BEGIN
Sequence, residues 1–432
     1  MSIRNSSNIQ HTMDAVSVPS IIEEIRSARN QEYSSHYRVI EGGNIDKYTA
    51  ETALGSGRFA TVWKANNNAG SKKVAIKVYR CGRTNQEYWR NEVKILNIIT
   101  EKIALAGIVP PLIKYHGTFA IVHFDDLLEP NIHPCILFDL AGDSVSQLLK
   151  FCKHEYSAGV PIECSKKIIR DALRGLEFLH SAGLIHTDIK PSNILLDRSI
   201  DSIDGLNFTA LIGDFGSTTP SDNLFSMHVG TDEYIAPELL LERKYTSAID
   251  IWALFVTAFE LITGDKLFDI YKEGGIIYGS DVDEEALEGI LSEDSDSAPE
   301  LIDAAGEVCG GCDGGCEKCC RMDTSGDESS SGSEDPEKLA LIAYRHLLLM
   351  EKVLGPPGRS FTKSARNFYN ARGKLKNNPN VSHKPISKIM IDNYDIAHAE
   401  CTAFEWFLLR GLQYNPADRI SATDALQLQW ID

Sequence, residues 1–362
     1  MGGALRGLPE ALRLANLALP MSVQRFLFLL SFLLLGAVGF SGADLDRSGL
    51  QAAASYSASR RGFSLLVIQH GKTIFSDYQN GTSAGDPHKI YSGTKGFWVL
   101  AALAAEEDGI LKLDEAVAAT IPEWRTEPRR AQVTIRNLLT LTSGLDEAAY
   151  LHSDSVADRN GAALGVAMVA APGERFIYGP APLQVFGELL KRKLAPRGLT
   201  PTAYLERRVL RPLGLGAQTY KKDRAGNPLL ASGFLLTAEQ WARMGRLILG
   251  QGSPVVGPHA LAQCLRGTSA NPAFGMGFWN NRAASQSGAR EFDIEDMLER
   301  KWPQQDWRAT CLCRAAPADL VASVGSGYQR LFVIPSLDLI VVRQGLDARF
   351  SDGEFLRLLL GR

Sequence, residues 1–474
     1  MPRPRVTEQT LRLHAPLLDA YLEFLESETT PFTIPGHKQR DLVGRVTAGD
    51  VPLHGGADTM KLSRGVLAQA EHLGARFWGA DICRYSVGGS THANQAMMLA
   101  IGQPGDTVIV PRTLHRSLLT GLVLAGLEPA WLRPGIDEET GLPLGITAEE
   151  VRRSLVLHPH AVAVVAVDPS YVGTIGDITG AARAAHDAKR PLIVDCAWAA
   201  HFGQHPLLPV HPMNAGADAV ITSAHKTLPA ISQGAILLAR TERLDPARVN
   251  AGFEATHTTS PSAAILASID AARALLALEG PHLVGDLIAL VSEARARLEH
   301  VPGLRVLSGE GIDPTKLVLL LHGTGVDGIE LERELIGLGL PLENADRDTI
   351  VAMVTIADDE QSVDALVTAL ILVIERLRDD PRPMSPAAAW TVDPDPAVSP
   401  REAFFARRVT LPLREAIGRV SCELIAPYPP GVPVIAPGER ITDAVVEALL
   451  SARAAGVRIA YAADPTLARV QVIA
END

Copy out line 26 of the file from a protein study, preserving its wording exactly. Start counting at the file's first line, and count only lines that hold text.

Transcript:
   251  AGFEATHTTS PSAAILASID AARALLALEG PHLVGDLIAL VSEARARLEH